WHO WE ARE
At the start of the 2015 fall semester, two Piedmont Virginia Community College professors had an idea. It had never been done before, and neither knew if it would be successful. The plan was to bring honors students from the Historical Geology class and from the Government class to work together to make Nelsonite the state rock of Virginia.
In the beginning, eight students came together to work on the project, but through the difficulties and the personal sacrifices that had to be made outside of the classroom, only four remain: three honors geology students and one government student.
Our project ended last semester, but Nelsonite is still not the state rock because politics takes time. With the hours of dedication put in to this project, we were not going to give up until our goal came to fruition. We have a senator sponsoring us and we have a bill, what we need now is help from the people of Virginia and not to mention a little bit of faith.
Possibly more importantly, why a state rock? With the severity of the problems in the world and the ever-growing demand to face and resolve these issues, is it a waste of time to be focusing on symbolic elements such as state beverages, state flags, state mottos, or even state rocks? Absolutely not.
There are always going to be conflicts in the world--it is human nature. To lose sight of the small things, the seemingly insignificant differences a person can make in their own way is to admit defeat. Symbols mean something to people: "Virginia is for Lovers"; Texas is the "Lone Star State"; Florida is ripening with oranges; and if you are from Wisconsin, you may have a natural love for cheese, or you could very well be lactose intolerant--what’s important is that you have an identity to something, no matter how big or small.
The students at Piedmont Virginia Community College have worked countless hours on this project and have been given a chance to make a difference in our government. Whether it is students coming up and signing our petition, professors encouraging us to keep plugging, or a Virginia rock group reaching out and offering a helping hand, we have seen how a community can come together and work towards a common goal, no matter how big or small. It shows that people want to help, and they want to make a difference, sometimes we just need a common goal. Now, it may only be a small state rock, but someday, it could be a mountain.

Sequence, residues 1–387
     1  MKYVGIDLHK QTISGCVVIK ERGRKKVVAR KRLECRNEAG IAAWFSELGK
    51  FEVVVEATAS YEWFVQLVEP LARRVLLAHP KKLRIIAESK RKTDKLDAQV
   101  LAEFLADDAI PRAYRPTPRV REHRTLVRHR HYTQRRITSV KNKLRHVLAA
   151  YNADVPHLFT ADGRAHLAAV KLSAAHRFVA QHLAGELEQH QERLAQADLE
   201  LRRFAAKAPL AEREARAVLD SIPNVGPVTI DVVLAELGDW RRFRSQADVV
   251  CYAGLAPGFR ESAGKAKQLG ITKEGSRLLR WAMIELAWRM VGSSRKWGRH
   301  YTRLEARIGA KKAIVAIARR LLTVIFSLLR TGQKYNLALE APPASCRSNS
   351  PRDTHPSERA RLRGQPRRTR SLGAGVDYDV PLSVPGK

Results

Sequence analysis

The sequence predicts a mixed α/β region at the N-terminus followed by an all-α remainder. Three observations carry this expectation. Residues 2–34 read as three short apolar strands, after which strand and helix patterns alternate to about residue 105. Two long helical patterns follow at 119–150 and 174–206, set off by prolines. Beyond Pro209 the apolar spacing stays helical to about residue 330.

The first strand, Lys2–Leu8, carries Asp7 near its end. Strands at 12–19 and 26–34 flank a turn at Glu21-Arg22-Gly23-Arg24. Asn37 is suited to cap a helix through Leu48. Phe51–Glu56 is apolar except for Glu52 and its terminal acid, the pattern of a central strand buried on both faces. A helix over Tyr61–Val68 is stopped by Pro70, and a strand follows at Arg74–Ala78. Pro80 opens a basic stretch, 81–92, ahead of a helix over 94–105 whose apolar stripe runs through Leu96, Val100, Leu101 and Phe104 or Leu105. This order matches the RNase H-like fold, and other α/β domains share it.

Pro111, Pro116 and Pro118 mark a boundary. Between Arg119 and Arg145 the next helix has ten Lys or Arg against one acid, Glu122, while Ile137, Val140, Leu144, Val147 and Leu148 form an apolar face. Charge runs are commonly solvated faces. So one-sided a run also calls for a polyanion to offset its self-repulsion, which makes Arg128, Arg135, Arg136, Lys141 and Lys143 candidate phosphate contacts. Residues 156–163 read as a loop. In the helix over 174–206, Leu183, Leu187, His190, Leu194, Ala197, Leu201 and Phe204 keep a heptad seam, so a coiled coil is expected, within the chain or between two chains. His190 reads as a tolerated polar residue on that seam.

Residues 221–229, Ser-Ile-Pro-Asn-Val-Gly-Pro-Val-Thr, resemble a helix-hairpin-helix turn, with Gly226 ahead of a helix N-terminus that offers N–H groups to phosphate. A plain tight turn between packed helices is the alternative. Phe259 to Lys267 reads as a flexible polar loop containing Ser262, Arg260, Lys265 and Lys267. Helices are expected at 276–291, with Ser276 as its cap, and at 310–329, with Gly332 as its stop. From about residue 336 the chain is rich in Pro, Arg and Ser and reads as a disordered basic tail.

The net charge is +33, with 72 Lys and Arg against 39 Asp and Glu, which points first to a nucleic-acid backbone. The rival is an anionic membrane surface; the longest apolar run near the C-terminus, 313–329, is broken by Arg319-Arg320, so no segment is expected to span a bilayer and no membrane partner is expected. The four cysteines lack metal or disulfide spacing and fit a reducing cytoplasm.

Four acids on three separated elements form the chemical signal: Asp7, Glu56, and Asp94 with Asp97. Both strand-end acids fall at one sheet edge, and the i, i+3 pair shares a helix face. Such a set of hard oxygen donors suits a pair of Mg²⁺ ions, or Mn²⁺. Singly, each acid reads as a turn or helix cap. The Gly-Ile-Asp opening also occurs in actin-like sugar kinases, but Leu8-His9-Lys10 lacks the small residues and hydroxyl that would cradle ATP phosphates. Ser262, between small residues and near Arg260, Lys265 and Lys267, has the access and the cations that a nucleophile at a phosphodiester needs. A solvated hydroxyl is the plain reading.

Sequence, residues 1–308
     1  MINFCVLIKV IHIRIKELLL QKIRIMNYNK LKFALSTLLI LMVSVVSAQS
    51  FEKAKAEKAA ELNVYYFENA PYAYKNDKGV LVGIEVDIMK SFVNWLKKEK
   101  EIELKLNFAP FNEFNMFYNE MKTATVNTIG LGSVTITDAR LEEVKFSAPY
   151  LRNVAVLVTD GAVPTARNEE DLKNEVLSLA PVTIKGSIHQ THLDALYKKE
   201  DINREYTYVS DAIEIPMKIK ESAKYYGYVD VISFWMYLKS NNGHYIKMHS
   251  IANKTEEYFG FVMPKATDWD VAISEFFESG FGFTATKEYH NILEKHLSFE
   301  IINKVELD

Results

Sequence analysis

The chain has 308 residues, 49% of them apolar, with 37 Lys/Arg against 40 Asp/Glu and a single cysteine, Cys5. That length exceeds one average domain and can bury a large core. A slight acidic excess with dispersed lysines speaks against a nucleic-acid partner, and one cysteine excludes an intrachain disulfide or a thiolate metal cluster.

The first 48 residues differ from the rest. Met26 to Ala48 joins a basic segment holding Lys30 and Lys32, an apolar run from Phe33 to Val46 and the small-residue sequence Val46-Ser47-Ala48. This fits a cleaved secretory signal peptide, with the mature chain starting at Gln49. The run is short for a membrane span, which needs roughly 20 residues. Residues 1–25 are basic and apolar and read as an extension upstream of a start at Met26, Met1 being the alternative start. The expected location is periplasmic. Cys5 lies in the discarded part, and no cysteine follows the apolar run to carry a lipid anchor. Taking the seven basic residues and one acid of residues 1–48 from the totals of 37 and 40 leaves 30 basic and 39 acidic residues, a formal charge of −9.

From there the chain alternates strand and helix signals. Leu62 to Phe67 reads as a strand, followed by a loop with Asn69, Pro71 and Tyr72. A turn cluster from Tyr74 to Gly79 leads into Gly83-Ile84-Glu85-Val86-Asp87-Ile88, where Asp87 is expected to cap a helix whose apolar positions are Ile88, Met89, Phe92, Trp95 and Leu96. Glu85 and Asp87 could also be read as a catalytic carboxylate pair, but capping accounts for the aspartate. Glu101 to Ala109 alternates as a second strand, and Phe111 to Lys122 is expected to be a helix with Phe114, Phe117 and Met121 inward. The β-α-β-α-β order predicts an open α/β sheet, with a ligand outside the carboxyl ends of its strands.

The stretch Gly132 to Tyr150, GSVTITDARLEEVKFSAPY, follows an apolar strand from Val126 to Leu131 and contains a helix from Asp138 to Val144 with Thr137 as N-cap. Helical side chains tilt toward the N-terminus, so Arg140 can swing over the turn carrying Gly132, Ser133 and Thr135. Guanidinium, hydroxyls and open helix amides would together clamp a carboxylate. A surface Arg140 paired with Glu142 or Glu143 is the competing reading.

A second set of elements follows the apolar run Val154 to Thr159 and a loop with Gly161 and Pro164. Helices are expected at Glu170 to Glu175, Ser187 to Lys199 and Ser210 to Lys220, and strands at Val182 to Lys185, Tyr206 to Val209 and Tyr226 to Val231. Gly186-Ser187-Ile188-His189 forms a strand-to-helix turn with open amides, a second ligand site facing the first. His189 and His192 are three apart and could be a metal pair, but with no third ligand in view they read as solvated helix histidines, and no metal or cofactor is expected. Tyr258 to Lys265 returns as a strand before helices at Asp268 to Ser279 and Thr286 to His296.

NELSONITE STATE ROCK INITIATIVE IN THE NEWS
- Student project leads to the development of new law and the Commonwealth's first state rock, PVCC Annual Report 2015-2016, July 18, 2016
- Nelsonite to become Virginia's state rock, The News & Advance, April 5, 2016
- Senate passes bills on topics from marriage to state rock, The Richmond-Times Dispatch,
March 8, 2016
- Nelsonite rolls one step closer to Virginia state rock status, The News & Advance, January 29, 2016
- Students nominate Nelsonite for Virginia State Rock, The News & Advance, January 25, 2016
- Will bill to honor Nelsonite face a rocky future?, Richmond Times-Dispatch, January 25, 2016
- Solid effort underway to make "Nelsonite" Virginia's state rock, Nelson County Times,
December 10, 2015
What is it?
- Nelsonite’s type locality is no other than Nelson County, Va.
- Deposited over one billion years ago in Dike formations occurring in Roseland, Amherst, and Nelson Counties.
- Composed mainly of Ilmanite and Apetite.
- Ilmenite is the black metallic and slightly magnetic material, composed of iron, titanium and oxygen.
- Apetite is a light colored nonmetallic mineral, composed of calcium, phosphorous, oxygen and fluorine or chlorine.
- Nelsonite originates from liquid immiscibility in the magma chamber producing iron (Fe), titanium (Ti), and phospherous (P).
- Nelsonite is heavy and dense due to its high concentration of iron and titanium.
- Nelsonite is considered to be a rare earth element and is recognized and studied in, but not limited too, Nelson County, Va.; Amherst and Roanoke Counties; Carthage, N.Y.; Laramie, W.Va.; Washington State; Quebec, Canada; and China.
Why did we pick Nelsonite?
- The Virginia State Geologist David Spears supports Nelsonite for the state rock of Virginia.
- Nelsonite played a key role in boosting Virginias economy in the early 1900s through mining the titanium for paint. While it is no longer mined in the U.S., China mines nelsonite heavily for its rare earth elements.
- Nelsonite was supported as the Virginia state rock by 27-0 vote at the annual 2015, Virginia Field Geologists Conference.
- Virginia is one of five states that does not have a state rock.